October 4th, 2019

Is clinging to habits and cravings destroying our future? An outspoken critic of factory farming and animal-centric diets, Jonathan Safran Foer writes that stopping climate change begins with a close look at what we eat — and don’t eat — at home for breakfast. At the office, industry leaders like Google are taking steps toward veggie-forward diets by reducing meat, rather than cutting it out entirely.

But when it comes to global food habits, are societies up for changing norms — individually and collectively — at a scale ambitious enough to meet the challenge?

his program was recorded at the Commonwealth Club of California on September 24, 2019.

Related links:
We Are the Weather – Jonathan Safran Foer
Guckenheimer’s Culinary Philosophy
Marin Carbon Project – Carbon Farms

Speakers at this Event

Author, We Are the Weather: Saving the Planet Begins at Breakfast

Chief Procurement Officer, Guckenheimer Enterprises;
Faculty Member, Food Business School, Culinary Institute of America

Transcript 

Greg Dalton: This is Climate One, changing the conversation about energy, the economy, and the environment. 

Jonathan Safran Foer: We do not as a species have to stop flying, stop eating animal products, stop having babies.  We just have to do these things with a lot of moderation.

Greg Dalton: Author Jonathan Safran Foer says fighting climate change doesn’t have to be an all-or-nothing enterprise. But it should start at breakfast.

Jonathan Safran Foer: It's a tricky thing to engage the public in a conversation that is inconvenient, and having to say no to certain foods that have been so important to us is extremely inconvenient.

Greg Dalton:  Can we create our own “new food normal?”

Helene York:  I just cannot live with the idea that beef should be an every day food even for people who eat it.  These have to become treats.

Greg Dalton:  Climate-friendly eating.  Up next on Climate One.
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Greg Dalton:  Can a climate-smart diet still satisfy our deepest food cravings? Climate One conversations feature oil companies and environmentalists, rRepublicans and Democrats, the exciting and the scary aspects of the climate challenge. I’m Greg Dalton.

Greg Dalton:  Eating a meat-free diet is one of the most powerful things one can do to cut their personal carbon footprint. 

Jonathan Safran Foer: I still find it extremely pleasurable to look at meat and to smell meat and I desire to eat meat when I see it. I just choose not to. 

Greg Dalton:  Author Jonathan Safran Foer, who teaches creative writing at New York University, wrote about meat-eating in his 2009 book, Eating Animals. In his most recent book, We Are the Weather: Saving the Planet Begins at Breakfast, he asks how individuals can change their behavior to create new climate-sensitive norms.

Helene York:  The analogy in the restaurant world is it is now inappropriate for chefs not to have a plan to reduce food waste.

Greg Dalton: Helene York is head of social and environmental responsibility at ISS Guckenheimer, a company that manages cafés on corporate campuses around the country.  She previously supervised a food program for Google that served 300,000 meals a week to its employees.  Helene describes Jonathan’s book as “stunning” – even though it takes him until page 64 to confess that the book is in fact about the impact of animal agriculture on the environment.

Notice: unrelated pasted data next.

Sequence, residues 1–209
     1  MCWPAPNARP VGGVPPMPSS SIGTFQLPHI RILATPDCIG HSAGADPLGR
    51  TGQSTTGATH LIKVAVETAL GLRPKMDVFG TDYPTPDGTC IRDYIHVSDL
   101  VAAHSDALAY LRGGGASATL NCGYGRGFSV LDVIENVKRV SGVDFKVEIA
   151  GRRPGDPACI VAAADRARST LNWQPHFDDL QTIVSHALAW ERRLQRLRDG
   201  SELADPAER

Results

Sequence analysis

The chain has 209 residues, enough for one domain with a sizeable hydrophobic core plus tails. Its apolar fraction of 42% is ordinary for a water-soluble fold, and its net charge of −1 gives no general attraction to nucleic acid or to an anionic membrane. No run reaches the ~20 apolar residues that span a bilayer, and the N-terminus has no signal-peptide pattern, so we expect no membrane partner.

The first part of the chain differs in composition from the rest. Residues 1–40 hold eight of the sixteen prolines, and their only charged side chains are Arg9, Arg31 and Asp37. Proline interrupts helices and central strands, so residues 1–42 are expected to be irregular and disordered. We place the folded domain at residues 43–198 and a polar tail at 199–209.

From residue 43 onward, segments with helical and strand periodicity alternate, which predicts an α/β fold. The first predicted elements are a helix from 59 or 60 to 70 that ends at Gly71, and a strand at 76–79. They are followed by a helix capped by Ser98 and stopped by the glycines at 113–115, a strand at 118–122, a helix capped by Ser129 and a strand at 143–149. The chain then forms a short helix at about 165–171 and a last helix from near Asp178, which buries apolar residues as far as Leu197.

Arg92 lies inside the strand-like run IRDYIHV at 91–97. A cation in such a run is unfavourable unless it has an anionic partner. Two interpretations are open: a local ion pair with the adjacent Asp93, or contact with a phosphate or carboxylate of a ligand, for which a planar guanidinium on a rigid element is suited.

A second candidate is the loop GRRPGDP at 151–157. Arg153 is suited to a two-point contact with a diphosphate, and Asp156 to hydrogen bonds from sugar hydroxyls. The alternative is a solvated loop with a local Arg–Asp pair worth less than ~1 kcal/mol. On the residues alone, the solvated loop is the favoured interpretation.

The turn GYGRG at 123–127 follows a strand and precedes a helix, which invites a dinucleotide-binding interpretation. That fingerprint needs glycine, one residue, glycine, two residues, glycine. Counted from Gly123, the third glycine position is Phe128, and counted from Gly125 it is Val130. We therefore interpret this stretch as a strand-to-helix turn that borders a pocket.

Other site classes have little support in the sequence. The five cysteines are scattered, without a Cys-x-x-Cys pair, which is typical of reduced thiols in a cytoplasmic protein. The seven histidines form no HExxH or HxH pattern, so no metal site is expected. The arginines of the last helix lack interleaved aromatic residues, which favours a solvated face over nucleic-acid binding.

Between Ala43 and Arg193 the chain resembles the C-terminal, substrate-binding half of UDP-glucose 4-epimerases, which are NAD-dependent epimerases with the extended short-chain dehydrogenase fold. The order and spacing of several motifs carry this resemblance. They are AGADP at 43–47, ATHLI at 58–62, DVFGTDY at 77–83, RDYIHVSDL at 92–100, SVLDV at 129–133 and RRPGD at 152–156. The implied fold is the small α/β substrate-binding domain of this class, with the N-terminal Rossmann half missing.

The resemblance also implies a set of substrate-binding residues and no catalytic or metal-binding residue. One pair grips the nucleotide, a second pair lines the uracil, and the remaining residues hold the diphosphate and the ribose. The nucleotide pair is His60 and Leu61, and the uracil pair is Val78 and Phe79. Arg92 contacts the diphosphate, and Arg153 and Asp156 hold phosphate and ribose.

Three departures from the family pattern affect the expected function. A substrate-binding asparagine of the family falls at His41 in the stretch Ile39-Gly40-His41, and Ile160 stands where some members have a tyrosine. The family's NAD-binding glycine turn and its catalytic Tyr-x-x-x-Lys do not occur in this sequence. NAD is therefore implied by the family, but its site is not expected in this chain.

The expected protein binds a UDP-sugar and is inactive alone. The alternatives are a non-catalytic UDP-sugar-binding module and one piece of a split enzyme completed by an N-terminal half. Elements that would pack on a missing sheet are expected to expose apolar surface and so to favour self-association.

Jonathan Safran Foer:  I had read a lot of books about climate change before I even contemplated writing my own.  I was and I guess what you might call a concerned citizen, you know, like a concerned father.  And I heard myself saying more and more often somebody really has to do something, somebody has to do something.  Can you believe this, look at these images of the Amazon burning, look at these super storms and these 500-year storms that are now annual events, somebody has to do something.  And I thought about my reactions to those images and to those books and the ways in which they were powerfully upsetting.  They made me alarmed.  They made me angry.  They made me depressed.  They made me motivated.  Until I wasn't looking at them anymore at which point I just went back to my life.  Many of these books I would read a paragraph or two paragraphs or 10 pages and say everyone on planet Earth has to read this.  And then by page 20, I wasn't reading it anymore because, not because they weren't wonderfully written these are great books by smart people and wonderful writers.  But something wasn't sticking to me.  And so I try to give thought to what would stick and well, a balance of what would stick and then what has to stick.  And our food choices have to stick you know, we know uncontroversially that there are four choices we make as individuals make that matter considerably more than any others which are flying less, driving less, having fewer children and eating fewer animal products.  And it's a difficult thing to talk about because most obviously, it's a pleasure for most people.  I'm a vegetarian.  I have been since I was a kid.  I still find it extremely pleasurable to look at meat and to smell meat and I desire to eat meat when I see it.  I just choose not to.  But not because I find it repulsive and not because it's easy.  I also have some of my happiest memories involve meat, you know, the chicken my grandmother would make for me when I was a little kid my dad grilling in our backyard.  My mom bringing lox home on a special weekend morning.  So it's one thing to know that there is a cause-and-effect relationship between what you choose to eat and what will happen in the world, especially when it's scaled.  And it's another thing to have to bring that into a kind of engagement with our psychologies and our cravings.  And there’s a reason why Al Gore has never really talked about meat, he’s starting to more now.  There’s a reason why the leading environmental groups haven't talked about meat although they really are now at full speed.  It’s not because we’re only now learning about it, it's because it's a tricky thing to engage the public in a conversation that is inconvenient, you know, as Gore put it, and having to say no to certain foods that have been so important to us is extremely inconvenient.  So I wanted to get as far and as I could and pick as much momentum as I could before really engaging in the most necessary material.